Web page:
Most urban transportation experts agree that people will have to stop driving their own personal cars and move to shared vehicles if cities are to cut congestion. But driverless vehicles moving around by algorithms won’t be enough. To get cities efficiently transporting people around, they will need a centralized system that incorporates and coordinates data across bike-share, ride-share and car-share companies.
Several companies are already working on such systems. Ford recently announced its Transportation Mobility Cloud, and Deloitte is collaborating with the World Economic Forum to create a “seamless, integrated mobility system.” Now Alphabet also wants in. On Thursday (Feb. 1), Alphabet’s smart cities division, Sidewalk Labs, announced a new company called Coord dedicated to creating this centralized platform. Coord spun out of a different Sidewalk company, Flow, that launched in early 2016 to help cities tackle transportation challenges.
Alphabet’s entrance into urban transportation with Coord illustrates how tech companies are increasingly determining how cities operate. Aside from purchasing office space for their employees, they are influencing city’s digital infrastructure upgrades through their data collection, management, and analysis services. As US cities seek private investment to participate in US president Donald Trump’s speculated infrastructure plan, cites will likely rely even more on tech companies for digital and physical upgrades.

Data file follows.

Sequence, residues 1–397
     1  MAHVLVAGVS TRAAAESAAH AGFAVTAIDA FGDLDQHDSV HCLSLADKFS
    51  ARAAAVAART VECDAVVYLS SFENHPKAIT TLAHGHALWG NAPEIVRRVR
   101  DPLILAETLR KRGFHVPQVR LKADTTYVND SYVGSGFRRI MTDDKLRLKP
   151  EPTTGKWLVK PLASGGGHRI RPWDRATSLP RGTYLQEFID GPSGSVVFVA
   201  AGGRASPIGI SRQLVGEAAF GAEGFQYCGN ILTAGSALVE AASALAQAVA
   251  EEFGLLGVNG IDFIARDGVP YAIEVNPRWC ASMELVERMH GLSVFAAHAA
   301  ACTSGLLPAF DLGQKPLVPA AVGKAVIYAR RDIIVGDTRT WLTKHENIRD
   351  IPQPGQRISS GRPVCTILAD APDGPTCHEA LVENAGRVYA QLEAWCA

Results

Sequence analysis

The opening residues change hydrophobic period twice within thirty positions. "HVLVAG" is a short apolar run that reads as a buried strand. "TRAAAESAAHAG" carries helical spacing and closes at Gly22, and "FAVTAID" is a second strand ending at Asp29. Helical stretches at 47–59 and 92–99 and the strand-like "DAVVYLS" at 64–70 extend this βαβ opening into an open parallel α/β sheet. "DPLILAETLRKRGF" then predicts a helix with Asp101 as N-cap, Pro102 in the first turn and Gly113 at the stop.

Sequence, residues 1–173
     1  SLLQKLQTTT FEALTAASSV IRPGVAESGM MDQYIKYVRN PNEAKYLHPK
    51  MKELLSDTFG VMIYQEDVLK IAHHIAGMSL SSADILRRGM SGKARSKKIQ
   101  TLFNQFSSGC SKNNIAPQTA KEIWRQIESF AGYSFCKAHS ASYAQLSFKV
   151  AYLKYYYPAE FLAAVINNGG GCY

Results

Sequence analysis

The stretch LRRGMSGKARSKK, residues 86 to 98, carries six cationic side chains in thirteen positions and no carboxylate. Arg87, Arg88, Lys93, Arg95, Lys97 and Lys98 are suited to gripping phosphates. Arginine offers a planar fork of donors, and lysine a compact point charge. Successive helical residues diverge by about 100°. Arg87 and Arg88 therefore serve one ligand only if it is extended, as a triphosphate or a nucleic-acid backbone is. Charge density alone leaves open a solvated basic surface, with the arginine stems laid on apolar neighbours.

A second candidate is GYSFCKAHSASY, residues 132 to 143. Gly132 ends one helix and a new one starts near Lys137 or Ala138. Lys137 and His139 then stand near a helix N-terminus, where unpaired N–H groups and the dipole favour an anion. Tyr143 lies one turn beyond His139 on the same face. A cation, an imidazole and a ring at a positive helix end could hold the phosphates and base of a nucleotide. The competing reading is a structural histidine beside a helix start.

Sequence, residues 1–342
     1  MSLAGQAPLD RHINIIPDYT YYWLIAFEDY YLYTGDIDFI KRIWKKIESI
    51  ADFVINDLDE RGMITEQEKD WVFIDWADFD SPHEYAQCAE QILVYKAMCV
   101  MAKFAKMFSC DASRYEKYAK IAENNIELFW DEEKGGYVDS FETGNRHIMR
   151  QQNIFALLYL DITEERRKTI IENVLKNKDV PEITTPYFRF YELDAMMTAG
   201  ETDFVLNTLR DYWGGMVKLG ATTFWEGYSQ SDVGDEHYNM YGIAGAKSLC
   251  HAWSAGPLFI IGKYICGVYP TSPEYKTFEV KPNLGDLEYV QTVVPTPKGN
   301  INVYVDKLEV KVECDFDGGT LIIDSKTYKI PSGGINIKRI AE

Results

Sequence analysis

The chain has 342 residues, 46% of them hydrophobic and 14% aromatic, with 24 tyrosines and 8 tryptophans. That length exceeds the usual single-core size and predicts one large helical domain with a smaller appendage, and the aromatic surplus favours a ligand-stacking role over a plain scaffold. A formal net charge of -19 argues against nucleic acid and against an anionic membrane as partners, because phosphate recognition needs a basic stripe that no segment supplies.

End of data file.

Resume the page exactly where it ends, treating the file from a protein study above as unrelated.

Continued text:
Coord’s CEO, Stephen Smyth, said Coord is currently building a data library to help cities better manage their traffic. It offers real-time dynamic toll prices for 85% of US tollways, which it aggregated and standardized from different public and private sources. It’s also working with cities to digitally map on and off-street parking, so they can better allocate curbside space to meet demand.
The data, however, can only help commuters if a third-party app developer chooses to plug into Coord’s data library. Coord currently is working with Google Maps to pilot a feature in Seattle and San Francisco that helps commuters find parking spots with its real-time parking data. It’s also building partnerships with other navigation apps and aims to eventually offer real-time data for bike-share price and availability as well as for other transportation services.
Coord’s data could unlock a suite of navigation app features that would create a more coordinated transportation network. Commuters would see a much more comprehensive list of transportation options and their costs—much in the same way Uber, Lyft, and transit are currently integrated into Google Maps—plus a recommendation for which combination to take. If they chose a private or shared car, their driver would know the nearest available drop off spot to their destination.